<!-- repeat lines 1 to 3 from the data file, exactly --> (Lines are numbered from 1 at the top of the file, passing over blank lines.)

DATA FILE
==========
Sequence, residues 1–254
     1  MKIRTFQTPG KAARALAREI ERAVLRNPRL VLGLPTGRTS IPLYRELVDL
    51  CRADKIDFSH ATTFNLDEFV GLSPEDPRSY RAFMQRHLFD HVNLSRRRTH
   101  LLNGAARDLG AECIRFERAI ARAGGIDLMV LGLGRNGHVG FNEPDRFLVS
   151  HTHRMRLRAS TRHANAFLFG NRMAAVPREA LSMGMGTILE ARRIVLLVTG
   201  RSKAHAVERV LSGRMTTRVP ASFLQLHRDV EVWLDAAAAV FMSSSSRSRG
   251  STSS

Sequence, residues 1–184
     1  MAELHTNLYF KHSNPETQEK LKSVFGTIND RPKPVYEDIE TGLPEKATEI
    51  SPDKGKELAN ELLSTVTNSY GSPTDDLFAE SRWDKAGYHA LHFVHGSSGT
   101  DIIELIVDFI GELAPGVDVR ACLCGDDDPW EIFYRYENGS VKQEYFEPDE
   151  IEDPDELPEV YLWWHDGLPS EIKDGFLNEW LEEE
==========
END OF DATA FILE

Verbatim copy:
Sequence, residues 1–254
     1  MKIRTFQTPG KAARALAREI ERAVLRNPRL VLGLPTGRTS IPLYRELVDL
    51  CRADKIDFSH ATTFNLDEFV GLSPEDPRSY RAFMQRHLFD HVNLSRRRTH